Light Snow Then A Return To Cold

Winnipeg seems to have found itself in the firm grip of winter as below-seasonal temperatures dominate the forecast. A low pressure system passing to our south today will bring snow and a slight moderation to our temperatures to near-normal values, but we’ll quickly drop back to well below-normal temperatures.

Storm-total liquid-equivalent precipitation accumulation

Liquid-equivalent (how much water there would be if you melted the snow) precipitation accumulation valid 18Z today.

A weak upper trough will swing through Southern Manitoba today, embedded within a strong northwesterly flow. While temperatures have warmed some 10-15°C aloft over the entirety of the Red River Valley, it looks like the surface warm front will halt part-way between Winnipeg and the U.S. border. Areas south of the warm front (probably areas south of Morris) will be able to tap into a southerly or even southwesterly flow, allowing temperatures to warm possibly as high as -5°C. Unfortunately for areas over the Northern Red River Valley, the warm front will likely remain well to our south, keeping our winds out of the southeast and slowly backing to northwesterly as the system passes by. These wind directions all favour the reinforcement of cold air as they tap into the colder air ahead and north of the low instead of the warmer air south of the low. That means that while there will be a slight increase in temperature from the advection (bringing in) of warm air aloft, a significant portion of the warming taking place over the Northern Red River Valley will be due to heat directed towards the surface from the clouds associated with this low. Highs north of the warm front will sit in the -12 to -15°C range.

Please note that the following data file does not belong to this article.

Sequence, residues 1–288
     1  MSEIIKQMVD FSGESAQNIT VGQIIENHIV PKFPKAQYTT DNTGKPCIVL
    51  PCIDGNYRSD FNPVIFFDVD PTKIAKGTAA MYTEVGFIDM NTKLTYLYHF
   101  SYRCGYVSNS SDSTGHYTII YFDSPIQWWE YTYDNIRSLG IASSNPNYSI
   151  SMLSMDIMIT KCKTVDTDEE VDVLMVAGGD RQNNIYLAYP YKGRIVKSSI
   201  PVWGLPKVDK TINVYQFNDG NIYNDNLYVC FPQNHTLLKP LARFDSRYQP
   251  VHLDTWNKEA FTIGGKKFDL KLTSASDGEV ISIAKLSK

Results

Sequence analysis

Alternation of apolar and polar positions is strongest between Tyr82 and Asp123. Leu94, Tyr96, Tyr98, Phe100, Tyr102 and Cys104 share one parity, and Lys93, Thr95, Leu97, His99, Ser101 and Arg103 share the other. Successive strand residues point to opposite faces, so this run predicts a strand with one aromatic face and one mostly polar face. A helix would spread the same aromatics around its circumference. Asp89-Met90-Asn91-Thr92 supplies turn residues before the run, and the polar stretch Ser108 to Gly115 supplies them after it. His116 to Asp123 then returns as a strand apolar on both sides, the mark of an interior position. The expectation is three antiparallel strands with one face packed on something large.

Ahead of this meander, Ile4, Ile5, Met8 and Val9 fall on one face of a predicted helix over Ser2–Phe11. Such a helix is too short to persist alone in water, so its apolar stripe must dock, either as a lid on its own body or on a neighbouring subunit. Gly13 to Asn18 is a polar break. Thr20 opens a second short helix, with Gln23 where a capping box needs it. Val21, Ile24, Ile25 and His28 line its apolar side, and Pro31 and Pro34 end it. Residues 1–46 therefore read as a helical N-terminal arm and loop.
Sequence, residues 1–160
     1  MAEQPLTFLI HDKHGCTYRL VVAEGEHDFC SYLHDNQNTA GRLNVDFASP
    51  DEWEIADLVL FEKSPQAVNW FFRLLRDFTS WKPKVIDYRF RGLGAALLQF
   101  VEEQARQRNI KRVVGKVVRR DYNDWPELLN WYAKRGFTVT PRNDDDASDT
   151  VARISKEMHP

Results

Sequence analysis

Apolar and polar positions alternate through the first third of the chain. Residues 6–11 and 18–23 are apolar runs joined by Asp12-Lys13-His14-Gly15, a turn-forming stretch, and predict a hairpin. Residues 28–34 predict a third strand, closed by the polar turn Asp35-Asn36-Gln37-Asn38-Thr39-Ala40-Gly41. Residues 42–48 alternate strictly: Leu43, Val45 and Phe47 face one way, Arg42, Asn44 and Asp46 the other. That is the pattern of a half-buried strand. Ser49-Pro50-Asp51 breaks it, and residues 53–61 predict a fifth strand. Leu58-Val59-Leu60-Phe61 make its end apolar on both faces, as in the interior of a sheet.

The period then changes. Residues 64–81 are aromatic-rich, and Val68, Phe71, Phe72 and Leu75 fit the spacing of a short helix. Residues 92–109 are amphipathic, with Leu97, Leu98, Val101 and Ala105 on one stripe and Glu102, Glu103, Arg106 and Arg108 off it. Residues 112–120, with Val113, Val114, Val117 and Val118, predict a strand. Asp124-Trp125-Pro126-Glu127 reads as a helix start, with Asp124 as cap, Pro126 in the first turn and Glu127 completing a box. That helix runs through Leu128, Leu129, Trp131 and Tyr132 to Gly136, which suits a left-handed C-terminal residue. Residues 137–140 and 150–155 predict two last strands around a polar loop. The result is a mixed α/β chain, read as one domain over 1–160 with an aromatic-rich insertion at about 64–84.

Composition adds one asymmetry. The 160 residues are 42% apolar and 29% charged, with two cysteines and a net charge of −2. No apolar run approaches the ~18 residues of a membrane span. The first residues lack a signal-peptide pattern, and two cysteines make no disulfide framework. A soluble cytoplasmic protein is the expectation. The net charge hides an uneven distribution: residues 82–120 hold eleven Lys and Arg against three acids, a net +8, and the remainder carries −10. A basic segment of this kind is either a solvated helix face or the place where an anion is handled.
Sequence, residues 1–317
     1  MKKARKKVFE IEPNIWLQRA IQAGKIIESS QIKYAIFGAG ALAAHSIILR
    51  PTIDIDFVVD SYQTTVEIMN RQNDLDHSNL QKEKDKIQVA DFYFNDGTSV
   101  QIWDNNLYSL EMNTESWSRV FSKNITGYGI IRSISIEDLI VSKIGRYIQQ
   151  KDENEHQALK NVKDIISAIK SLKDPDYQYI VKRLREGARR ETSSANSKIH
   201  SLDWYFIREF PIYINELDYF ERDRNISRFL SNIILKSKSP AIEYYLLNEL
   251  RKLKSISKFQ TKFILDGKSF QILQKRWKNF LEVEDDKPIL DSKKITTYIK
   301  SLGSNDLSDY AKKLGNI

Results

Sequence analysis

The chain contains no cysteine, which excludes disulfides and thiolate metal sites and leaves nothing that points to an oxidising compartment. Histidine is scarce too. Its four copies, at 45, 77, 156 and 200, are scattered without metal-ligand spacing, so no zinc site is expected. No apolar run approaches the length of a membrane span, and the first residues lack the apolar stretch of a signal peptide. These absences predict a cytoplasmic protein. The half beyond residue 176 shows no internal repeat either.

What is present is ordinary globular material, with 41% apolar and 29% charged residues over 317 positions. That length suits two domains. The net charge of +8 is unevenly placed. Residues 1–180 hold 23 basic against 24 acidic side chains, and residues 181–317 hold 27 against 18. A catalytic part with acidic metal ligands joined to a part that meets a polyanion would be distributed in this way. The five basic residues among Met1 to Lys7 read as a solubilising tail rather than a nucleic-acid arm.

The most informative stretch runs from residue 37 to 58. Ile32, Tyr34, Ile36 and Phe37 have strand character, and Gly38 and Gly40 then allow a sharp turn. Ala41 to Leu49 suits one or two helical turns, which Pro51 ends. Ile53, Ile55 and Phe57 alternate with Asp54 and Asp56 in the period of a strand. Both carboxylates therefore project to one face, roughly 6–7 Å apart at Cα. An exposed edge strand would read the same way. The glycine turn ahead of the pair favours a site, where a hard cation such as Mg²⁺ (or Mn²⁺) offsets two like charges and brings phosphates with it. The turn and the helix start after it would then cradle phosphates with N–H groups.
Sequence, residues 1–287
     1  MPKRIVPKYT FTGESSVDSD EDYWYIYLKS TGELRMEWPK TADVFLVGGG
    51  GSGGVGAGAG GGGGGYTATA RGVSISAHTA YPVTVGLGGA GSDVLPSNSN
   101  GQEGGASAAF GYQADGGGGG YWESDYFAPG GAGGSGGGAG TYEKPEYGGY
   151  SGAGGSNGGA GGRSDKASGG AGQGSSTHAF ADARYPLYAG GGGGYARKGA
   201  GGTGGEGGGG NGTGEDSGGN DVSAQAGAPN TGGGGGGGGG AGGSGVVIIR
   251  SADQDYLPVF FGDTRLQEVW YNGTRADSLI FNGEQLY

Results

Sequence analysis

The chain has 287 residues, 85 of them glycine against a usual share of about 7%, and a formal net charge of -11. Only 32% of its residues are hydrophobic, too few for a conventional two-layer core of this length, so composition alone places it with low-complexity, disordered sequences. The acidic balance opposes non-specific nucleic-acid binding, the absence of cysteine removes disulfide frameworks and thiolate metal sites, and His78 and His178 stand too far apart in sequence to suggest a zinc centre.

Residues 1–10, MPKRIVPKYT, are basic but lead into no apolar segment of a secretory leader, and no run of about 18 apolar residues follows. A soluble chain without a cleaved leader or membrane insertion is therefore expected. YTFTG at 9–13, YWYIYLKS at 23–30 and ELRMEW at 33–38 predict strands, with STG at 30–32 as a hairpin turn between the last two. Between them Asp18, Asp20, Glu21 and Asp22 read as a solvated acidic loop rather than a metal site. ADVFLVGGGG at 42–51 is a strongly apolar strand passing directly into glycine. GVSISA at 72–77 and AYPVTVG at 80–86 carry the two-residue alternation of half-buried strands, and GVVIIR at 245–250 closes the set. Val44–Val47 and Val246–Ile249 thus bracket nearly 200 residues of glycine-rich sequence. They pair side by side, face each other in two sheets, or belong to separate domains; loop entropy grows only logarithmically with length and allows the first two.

Snow associated with this system pushed in overnight and will continue through the morning before tapering off around lunch time. Heaviest accumulations will lay north of the warm front with lighter accumulations south of the warm front. North of the warm front, including here in Winnipeg, we’ll see a total of 6-8cm of light, fluffy snow, while south of the warm front (the Southern Red River Valley) will probably only see a total of 2-4cm. There’s a slight chance that a few lingering flurries will hang on through the afternoon, but accumulations with those would be minimal should they happen.

Temperatures will drop down to around -25°C tonight as the clouds begin to break up and cold air filters southwards again in a northerly flow behind the low. Temperatures struggle to climb above -20°C tomorrow as we find ourselves deep in the cold air once again, some 8-10°C below normal for this time of year.

There are hints that temperatures may begin to moderate on Friday into the weekend, climbing as high as -9°C on Saturday, as a weak south/southwesterly flow develops. I’ll bite my tongue for now as models can sometimes be overly enthusiastic on moving the cold air out of the Red River Valley, but it does look like it’s at least a possibility. If that flow does develop, it’s likely we’ll see another batch of snow late this week as the warmer air pushes in. Until then, keep the long johns handy and be sure to check back in the comments below or follow along on Twitter for updates as the week progresses!


Brad lives in Winnipeg with his wife and two children and is the founder of A Weather Moment. He has loved weather from a very young age and has followed that passion through his life so far. He received a B.Sc. in Earth Sciences with Specialization in Atmospheric Sciences and is currently employed in the field of meteorology. You can find the author as WeatherInThePeg on Mastodon.

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